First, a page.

This particular change to my products was not a small change though. It was immediately obvious listening to music. My customers that are starting to get this will be posting impressions on my forum on audiocircle.

Steve N.
Empirical Audio
Thanks. Are you referring to this type of cycle-time measurements? http://www.audiocircle.com/index.php?topic=116570.0
 
#11
It seems like much well recorded music lacks a ton of complexity where there are only a few sources in the soundstage. Perhaps this has some effect, or lack thereof?
I still find the "fill" to occur when there is any audible jitter present, even small amounts. Just sounds like venue echo. When you play complicated music, it can become musical soup due to jitter.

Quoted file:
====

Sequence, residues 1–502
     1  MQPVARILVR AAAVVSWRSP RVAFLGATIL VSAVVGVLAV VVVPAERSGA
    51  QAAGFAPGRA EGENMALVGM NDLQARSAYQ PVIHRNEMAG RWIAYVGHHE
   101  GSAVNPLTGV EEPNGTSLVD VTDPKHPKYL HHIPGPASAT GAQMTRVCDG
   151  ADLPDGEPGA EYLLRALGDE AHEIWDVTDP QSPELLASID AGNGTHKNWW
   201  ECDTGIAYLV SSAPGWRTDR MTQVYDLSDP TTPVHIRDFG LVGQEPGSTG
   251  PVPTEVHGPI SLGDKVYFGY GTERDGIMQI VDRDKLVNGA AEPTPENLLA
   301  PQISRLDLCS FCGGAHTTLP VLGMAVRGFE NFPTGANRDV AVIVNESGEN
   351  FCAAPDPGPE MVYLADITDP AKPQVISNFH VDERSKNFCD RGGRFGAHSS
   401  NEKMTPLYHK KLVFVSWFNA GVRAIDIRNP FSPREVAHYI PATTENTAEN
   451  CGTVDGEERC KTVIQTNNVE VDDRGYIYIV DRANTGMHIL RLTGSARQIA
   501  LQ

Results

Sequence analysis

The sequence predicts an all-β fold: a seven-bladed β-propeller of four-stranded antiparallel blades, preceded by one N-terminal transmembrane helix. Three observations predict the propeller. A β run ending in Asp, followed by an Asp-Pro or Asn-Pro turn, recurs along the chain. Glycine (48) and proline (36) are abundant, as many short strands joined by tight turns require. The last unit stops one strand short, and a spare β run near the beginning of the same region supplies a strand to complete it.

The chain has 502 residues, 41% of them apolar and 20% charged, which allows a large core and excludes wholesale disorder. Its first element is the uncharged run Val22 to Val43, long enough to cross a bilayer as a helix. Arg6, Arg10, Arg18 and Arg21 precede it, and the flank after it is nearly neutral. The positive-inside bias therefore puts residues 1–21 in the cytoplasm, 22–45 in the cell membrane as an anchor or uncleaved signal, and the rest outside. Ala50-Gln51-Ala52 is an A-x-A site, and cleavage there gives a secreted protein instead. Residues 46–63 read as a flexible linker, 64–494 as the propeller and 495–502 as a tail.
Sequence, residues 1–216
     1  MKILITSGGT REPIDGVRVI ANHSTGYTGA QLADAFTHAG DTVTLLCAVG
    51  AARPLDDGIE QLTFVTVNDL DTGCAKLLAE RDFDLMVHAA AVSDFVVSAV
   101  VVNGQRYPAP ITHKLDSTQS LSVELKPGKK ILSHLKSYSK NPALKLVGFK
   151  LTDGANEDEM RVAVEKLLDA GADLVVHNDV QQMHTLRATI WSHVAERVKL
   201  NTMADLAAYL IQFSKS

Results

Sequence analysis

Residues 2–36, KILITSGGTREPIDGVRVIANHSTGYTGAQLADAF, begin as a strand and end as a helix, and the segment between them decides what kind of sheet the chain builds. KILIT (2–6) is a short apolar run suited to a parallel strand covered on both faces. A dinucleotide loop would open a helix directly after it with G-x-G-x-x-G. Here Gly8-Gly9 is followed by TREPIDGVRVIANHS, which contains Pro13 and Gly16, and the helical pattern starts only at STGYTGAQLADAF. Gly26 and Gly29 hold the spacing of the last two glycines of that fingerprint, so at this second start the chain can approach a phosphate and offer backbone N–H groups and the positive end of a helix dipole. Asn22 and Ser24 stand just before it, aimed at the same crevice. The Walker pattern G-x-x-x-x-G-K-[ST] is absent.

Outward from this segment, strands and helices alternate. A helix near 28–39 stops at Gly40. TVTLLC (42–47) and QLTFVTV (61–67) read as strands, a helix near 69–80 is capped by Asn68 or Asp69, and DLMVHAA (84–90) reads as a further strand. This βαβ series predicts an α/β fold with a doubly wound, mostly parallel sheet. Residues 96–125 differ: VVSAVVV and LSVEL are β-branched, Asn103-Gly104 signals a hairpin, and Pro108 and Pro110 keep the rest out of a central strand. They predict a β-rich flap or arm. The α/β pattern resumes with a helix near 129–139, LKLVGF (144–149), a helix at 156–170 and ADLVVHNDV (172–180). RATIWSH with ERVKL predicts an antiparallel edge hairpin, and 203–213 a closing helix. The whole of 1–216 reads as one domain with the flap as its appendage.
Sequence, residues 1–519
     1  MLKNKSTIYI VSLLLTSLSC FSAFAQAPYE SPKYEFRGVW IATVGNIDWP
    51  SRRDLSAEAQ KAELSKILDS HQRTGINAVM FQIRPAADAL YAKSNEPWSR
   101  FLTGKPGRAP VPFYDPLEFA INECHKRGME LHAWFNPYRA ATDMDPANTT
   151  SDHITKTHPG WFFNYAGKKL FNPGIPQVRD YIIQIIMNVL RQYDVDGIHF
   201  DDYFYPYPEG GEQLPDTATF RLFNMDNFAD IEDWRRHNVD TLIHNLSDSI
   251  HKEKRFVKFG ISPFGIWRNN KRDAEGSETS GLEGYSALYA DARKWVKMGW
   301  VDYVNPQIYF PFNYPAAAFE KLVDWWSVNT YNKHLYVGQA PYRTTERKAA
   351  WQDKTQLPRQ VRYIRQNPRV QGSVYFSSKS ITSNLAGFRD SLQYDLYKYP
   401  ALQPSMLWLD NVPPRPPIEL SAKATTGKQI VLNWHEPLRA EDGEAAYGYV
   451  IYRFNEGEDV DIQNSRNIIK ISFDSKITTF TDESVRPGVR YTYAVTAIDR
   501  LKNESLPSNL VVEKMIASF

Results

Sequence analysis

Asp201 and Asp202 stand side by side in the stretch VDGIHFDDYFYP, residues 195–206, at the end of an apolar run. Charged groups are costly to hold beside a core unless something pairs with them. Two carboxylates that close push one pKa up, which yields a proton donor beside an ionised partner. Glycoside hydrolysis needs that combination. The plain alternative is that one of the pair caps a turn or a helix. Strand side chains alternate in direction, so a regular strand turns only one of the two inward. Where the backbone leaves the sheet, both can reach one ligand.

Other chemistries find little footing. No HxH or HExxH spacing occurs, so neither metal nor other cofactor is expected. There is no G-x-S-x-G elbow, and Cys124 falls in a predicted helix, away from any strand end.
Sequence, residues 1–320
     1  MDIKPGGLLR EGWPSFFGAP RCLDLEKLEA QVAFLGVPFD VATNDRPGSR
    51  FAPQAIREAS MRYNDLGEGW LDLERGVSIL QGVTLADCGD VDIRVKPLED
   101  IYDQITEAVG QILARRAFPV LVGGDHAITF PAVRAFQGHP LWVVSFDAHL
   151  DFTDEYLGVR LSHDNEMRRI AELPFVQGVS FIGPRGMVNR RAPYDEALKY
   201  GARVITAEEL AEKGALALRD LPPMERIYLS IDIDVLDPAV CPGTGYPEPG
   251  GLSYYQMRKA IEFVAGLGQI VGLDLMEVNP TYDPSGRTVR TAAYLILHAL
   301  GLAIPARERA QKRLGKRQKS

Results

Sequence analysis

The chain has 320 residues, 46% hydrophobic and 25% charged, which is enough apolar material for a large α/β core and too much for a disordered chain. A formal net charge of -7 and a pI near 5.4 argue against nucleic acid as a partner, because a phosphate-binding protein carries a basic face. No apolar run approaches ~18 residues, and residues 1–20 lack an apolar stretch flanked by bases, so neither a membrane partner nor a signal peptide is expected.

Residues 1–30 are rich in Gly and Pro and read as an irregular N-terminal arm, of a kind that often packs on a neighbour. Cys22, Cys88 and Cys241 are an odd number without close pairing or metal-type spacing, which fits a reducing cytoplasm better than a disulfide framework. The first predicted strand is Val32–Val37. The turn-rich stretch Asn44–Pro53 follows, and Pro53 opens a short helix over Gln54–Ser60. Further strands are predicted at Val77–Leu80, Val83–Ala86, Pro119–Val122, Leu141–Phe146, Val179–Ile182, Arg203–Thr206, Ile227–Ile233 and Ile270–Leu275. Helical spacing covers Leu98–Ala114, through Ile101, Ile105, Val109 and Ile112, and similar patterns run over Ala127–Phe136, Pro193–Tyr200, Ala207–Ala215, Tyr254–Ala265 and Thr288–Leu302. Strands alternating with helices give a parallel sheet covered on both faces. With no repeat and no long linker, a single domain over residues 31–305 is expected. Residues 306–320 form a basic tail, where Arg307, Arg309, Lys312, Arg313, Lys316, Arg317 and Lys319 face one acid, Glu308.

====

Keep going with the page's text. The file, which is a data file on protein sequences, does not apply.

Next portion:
Try this: If you have a decent track of Doors "Riders on the Storm", see if it has these attributes when you play it:

1) vocalist seems totally disconnected in space from the other instruments, like he is in an anechoic room
2) rain and thunder are way in the background, like 30 feet back - this part sounds like a live recording
3) instruments are very forward

Kind of a mixture of studio and live, with the studio being in different rooms for vocalist and instruments. Interesting recording, but once you hear what is really happening, it's a bit contrived.

If you don't hear these things, and you are playing digital, there is too much jitter in your source.

Steve N.
Empirical Audio